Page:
Saul is walking back home after buying a chocolate bar for 29p when suddenly in the middle of the road a girl appears and is almost run over by a car!She quickly runs to Saul who takes her to the Den, an old shed in an abandoned garden of an abandoned house, that only Saul and his friends, Will and Robbie know about. It is their sort of hide out for 11 year olds.
The girl’s name is Agatha and says she has come from the year 1812 on a time traveling experiment with her father in hope to become rich. At first Saul thinks she is a bit crazy, dotty, or loopy ( use any description along those lines) but she certainly is not pretending, and she is wearing the right kit, and talks with a proper accent form the 19th century too. So Saul realizes that she may actually be telling the truth. Eventually, he agrees to help Agatha back home. With interfering adults and bullies prowling around, it won’t be easy.
Because this book is about time travel, it is very mysterious, and leaves you with many questions. Also, the characters have lots of feelings that is expressed in the writing, so you feel as if you are really getting to know the characters by the first few chapters. I liked the part when Saul told his parents that Agatha is a boy coming to visit called Randolph, ( accomplishing that by dressing her up in modern clothes, and cutting her hair) and that ‘he’ has lost ‘his’ voice. Then at some point, Agatha accidentally speaks, and then Saul’s dad comes round frowning because he over heard, so Saul has to try and mimic Agatha’s high pitched voice, so as not to arouse suspicion.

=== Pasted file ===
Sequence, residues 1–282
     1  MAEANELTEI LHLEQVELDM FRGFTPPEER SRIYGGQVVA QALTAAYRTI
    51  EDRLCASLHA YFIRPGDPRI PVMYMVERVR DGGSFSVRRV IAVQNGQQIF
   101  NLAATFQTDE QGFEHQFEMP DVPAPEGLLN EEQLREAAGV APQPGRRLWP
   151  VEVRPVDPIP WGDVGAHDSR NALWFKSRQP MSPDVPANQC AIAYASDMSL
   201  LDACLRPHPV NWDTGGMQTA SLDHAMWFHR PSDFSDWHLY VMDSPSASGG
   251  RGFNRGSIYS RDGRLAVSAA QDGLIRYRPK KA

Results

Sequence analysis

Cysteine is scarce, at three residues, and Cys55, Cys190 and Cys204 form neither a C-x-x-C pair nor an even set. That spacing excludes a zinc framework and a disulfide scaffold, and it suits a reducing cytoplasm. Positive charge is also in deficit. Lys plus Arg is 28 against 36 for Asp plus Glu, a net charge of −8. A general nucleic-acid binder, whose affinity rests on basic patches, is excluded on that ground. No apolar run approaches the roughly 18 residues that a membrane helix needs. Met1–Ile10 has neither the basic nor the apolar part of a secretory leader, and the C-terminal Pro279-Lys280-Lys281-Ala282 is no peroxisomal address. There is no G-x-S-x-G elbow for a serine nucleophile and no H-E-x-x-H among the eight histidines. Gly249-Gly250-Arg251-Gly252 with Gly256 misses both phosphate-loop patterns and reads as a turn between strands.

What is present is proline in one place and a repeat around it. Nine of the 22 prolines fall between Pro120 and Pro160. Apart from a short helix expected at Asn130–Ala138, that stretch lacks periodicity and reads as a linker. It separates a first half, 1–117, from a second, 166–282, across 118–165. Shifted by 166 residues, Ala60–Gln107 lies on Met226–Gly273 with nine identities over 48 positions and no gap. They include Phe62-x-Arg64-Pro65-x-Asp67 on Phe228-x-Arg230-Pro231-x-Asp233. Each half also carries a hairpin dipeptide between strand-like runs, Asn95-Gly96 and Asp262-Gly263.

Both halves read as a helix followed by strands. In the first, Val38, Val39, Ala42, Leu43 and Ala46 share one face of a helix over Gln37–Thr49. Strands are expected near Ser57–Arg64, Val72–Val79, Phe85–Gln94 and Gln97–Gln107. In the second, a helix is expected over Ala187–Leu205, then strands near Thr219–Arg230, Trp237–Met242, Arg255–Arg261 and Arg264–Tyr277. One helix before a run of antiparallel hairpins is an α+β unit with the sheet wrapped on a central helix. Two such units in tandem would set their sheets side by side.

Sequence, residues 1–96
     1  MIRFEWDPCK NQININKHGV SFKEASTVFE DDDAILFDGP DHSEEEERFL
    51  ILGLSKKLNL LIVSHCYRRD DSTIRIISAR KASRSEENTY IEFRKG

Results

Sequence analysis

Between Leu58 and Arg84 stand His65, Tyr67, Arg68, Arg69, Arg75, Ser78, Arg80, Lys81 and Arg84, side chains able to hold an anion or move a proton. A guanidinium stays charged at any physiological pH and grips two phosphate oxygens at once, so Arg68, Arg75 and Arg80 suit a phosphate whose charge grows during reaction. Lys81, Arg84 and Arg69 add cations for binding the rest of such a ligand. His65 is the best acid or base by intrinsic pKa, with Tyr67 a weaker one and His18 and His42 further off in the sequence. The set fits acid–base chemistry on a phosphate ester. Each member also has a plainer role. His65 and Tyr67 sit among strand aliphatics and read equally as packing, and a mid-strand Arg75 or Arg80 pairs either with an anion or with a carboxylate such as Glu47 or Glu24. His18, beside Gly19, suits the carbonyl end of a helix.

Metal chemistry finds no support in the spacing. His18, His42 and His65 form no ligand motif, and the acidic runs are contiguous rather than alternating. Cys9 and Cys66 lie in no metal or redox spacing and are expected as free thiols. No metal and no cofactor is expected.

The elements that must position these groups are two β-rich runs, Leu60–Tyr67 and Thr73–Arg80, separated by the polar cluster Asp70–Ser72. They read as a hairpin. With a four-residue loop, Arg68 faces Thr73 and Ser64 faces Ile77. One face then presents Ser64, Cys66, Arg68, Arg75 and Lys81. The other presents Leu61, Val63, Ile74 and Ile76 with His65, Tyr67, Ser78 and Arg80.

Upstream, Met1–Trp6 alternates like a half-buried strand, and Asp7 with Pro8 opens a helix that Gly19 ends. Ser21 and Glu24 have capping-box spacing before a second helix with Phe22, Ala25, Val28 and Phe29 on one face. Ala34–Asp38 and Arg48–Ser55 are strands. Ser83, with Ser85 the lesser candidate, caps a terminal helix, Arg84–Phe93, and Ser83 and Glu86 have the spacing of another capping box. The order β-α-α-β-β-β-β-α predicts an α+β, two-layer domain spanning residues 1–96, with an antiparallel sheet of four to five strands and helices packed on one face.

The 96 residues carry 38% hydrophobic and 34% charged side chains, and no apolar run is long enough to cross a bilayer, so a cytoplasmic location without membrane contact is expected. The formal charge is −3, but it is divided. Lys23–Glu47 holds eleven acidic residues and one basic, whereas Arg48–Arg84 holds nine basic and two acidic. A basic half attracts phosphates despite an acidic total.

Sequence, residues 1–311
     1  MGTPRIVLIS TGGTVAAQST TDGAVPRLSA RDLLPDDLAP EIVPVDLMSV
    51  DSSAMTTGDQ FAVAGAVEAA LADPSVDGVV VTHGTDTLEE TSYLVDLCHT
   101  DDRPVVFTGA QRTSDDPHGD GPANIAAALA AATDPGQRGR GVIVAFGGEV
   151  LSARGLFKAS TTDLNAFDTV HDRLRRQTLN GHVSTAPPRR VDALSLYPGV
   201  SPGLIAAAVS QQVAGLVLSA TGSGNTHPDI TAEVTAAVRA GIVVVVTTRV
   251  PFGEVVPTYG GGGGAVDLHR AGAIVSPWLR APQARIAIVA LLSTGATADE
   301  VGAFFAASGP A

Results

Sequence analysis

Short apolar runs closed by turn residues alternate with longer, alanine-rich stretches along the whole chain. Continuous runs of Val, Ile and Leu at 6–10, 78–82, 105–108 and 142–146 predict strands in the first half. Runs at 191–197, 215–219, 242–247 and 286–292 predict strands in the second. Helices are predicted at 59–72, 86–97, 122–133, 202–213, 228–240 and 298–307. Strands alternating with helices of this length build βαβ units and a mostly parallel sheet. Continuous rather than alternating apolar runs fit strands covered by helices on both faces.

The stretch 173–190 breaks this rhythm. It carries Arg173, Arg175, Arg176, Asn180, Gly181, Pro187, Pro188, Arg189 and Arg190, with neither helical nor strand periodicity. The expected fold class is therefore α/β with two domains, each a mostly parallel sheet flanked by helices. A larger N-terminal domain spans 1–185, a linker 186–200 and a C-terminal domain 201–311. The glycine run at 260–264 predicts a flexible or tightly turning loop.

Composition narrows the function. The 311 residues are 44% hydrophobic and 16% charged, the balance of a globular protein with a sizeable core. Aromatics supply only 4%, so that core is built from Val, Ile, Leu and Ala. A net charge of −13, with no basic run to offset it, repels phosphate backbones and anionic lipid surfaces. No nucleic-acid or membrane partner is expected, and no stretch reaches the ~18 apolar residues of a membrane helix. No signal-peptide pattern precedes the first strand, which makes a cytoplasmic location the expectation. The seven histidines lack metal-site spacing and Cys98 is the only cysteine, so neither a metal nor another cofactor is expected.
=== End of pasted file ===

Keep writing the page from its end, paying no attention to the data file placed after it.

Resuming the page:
This story is based on a real girl, who sadly died of measles just before her 9th birthday. In the story, Agatha is worried that there may be measles around, and that she may catch it and die, so Saul has to explain we don’t get fatal measles any more. However, Agatha in this story lives into her 70s.
I like this book because it has mystery in it, but also it is quite funny because Agatha goes round with her mouth hanging open making amusing comments on ordinary things, like lightbulbs, and popcorn or automatic doors.
Thank you to Jackson for lending me this book.